Under the Missouri Incarceration Reimbursement Act, the state can collect money from offenders to pay for their stay in prison.
"I believe we should have to pay for what we do," said Spencer, who is currently housed at the Jefferson City Correctional Center. "I know I did wrong. I believe I should go to prison ... (But) I paid mentally, emotionally, physically, everything already. Why do I have to pay with what little money I do have?"
The Attorney General's Office has collected about $2,300 from Spencer through the act, which has been on the books since 1988. The lawsuit was resolved with a settlement out of court that stopped further collection.
"We think it's very effective," said Greg Perry, the head of the division that handles all collections for the state, including child support and prison reimbursement payments. "Our office does a complete investigation given the resources that we have and the information we have available to us ... and we only file the cases that we believe we have good faith basis to go forward on."
The law says the state should only pursue cases where an investigation shows it can collect either at least 10 percent of the total cost of incarceration or at least 10 percent of the first two years, whichever is less.
This does not always work out however.
The state only collected $105.64 from Ryan Hodges, who has received 25 years for a second-degree murder conviction, before a settlement was reached. "Not a large percentage" of lawsuits end in settlement, Perry said.
"If you just want to go after (about) $150, for nothing though, you wasted the taxpayers money, your time, their time, my time," Hodges said, who said he lives off the state and does not have anything, such as a bank account or property, in his name.
According to the Attorney General's Office, it collected almost $550,000 in 2009 through two attorneys and two investigators, who are full-time employees but only work part of the time in this area. The state spends about $37,000 annually on staff and $42,000 on attorney costs.
"Our division does a great job on collecting money," Perry said. "(In terms of) bang for the buck, I think we do a nice return on investment."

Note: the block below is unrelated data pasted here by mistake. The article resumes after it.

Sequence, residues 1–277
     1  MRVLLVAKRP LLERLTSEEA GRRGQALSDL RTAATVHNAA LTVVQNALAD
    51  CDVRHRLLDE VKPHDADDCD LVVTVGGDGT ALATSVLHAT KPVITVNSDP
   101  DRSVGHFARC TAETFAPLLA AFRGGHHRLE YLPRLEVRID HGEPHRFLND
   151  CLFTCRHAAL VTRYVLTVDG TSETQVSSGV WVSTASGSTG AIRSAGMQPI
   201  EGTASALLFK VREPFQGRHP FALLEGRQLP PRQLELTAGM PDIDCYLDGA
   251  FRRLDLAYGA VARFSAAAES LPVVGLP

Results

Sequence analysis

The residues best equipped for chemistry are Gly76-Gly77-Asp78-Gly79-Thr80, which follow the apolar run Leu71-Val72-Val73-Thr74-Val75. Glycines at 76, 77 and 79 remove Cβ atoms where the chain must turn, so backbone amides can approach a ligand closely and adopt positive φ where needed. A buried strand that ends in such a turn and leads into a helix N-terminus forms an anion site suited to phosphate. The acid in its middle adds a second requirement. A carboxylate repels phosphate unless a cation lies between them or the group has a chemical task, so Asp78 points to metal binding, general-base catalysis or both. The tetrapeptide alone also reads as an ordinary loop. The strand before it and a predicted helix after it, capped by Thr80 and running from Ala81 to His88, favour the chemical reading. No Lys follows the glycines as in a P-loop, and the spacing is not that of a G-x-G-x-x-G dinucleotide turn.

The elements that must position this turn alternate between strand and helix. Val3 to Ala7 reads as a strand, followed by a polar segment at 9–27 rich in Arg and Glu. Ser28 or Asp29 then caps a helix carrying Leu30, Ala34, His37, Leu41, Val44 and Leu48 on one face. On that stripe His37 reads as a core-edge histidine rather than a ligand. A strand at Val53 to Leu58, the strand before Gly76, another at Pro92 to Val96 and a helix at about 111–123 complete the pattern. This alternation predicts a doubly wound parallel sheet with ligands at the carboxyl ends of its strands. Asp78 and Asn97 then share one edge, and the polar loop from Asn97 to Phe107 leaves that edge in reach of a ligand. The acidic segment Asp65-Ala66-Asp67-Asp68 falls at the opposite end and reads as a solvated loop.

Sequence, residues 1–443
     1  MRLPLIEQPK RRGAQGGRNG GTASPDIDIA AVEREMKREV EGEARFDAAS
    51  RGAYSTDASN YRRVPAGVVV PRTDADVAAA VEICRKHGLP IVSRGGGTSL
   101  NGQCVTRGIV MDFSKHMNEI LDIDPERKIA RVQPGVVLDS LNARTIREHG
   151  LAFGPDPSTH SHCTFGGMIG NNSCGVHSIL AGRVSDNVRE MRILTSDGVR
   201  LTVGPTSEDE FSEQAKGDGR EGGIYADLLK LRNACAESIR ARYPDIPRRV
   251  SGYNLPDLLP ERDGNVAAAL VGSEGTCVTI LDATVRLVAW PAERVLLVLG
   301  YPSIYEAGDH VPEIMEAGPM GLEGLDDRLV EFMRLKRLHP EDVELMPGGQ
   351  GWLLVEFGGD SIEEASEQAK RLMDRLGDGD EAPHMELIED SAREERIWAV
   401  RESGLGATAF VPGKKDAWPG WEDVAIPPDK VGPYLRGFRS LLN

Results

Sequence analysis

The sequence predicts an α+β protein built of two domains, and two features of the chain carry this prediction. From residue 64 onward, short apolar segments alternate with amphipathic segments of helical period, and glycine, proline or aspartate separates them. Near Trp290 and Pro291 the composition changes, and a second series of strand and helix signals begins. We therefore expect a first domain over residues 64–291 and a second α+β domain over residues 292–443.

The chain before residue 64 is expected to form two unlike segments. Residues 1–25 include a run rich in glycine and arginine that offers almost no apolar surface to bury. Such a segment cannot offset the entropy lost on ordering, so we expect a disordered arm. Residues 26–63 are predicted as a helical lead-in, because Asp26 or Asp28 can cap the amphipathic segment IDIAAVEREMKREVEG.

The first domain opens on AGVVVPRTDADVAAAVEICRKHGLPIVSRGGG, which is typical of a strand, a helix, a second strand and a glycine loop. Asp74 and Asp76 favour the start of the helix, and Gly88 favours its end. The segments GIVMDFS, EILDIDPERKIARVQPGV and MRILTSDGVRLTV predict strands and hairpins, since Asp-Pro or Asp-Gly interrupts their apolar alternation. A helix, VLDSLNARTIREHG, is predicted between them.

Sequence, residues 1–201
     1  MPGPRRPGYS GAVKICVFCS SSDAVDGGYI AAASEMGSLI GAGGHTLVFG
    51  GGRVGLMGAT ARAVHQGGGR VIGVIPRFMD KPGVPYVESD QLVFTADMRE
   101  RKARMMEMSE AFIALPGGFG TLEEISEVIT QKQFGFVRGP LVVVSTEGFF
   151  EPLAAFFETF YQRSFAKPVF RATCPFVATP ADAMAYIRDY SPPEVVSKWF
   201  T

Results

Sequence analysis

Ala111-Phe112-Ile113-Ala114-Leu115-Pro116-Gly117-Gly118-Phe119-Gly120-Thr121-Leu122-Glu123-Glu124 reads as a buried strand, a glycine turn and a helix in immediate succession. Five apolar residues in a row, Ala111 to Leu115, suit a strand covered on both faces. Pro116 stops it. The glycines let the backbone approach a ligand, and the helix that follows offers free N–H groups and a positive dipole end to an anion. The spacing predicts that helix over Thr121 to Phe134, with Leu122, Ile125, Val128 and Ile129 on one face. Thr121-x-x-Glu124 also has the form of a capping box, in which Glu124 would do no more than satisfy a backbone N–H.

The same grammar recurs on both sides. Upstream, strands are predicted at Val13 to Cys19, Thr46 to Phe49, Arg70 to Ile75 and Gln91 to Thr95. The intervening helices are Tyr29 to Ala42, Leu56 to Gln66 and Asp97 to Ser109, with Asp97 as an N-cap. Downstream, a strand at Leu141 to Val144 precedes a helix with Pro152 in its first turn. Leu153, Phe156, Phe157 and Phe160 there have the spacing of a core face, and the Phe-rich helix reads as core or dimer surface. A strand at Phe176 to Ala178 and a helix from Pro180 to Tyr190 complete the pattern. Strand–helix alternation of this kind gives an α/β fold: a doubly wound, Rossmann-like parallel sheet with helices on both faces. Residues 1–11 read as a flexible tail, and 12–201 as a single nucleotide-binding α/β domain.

The state frequently collects money through liquid accounts like bank accounts or the accounts inmates have while incarcerated. It collected from both Spencer and Hodges through their inmate accounts. The state can force the sale of property, including homes, but has not done so, Perry said, since at least January 2009.
But Spencer said he was scammed.
Spencer said he was in segregation, or a lock down that prohibits phone use, when the Attorney General's Office filed its civil lawsuit against him.
"I had no access to any kind of help," he said.
He sent a letter to the court asking for the decision to be put on hold until he was out of segregation and able to get a lawyer.
Hodges was also in segregation when he received notice about a lawsuit against him.
"I feel like it was a crime, that they robbed us. They say this is No More Victims Road," Hodges said, referring to the road the Jefferson City Correctional Center is located on, "but I was a victim."
Perry disagreed with this claim, saying these lawsuits are treated the same as any other lawsuit.
"What occurs in these lawsuits is the same that occurs in any civil lawsuit," Perry said. "The inmates have ... a number of different avenues by which they can make their wishes known and their arguments to the court. And they have the very same flexibility to get in touch with us."
Spencer has pursued a so-far unsuccessful lawsuit against the state over the implementation of the Missouri Incarceration Reimbursement Act.
Barry Mahoney, the president emeritus of the Justice Management Institute in Colorado, works with states to more efficiently implement and collect prison-related debts as well as child support.
"People coming out of prison generally don't have a lot of money; they don't have a lot of resources. And the practical effect of these laws will be to make it even more difficult for them to re-enter society and become law-abiding members of society," Mahoney said.
Spencer was convicted of two counts of first-degree assault and first-degree burglary in 1997. He said he found his fiancée and best friend sleeping together and he beat him up. He has 27 more years to serve before he can see the parole board.
"What am I supposed to do after being in prison for 35 years? Get out and do nothing? They're basically taking everything from us for a chance to survive in society," Spencer said.
Twelve percent of probation violations in the U.S. come from a failure to pay fines, victim restitution or other financial obligations.
At least two other states, New Jersey and Massachusetts, are considering reimbursement legislation similar to what Missouri currently has.
"I see a lot of tensions here: you've got a societal interest in punishment of the offender, you've got budgetary pressures in the current economic situation that are looking for people casting around everywhere for ways to recoup costs and you've got a public and justice system interest in effective rehabilitation of people that are convicted of crimes," Mahoney said.
Former inmates often owe more than just reimbursement. Many owe court fees, fines and victim restitution.
About 12 percent of probation violations in the U.S. come from, in part, a failure to pay these obligations, according to the Reentry Policy Council of the Justice Center.
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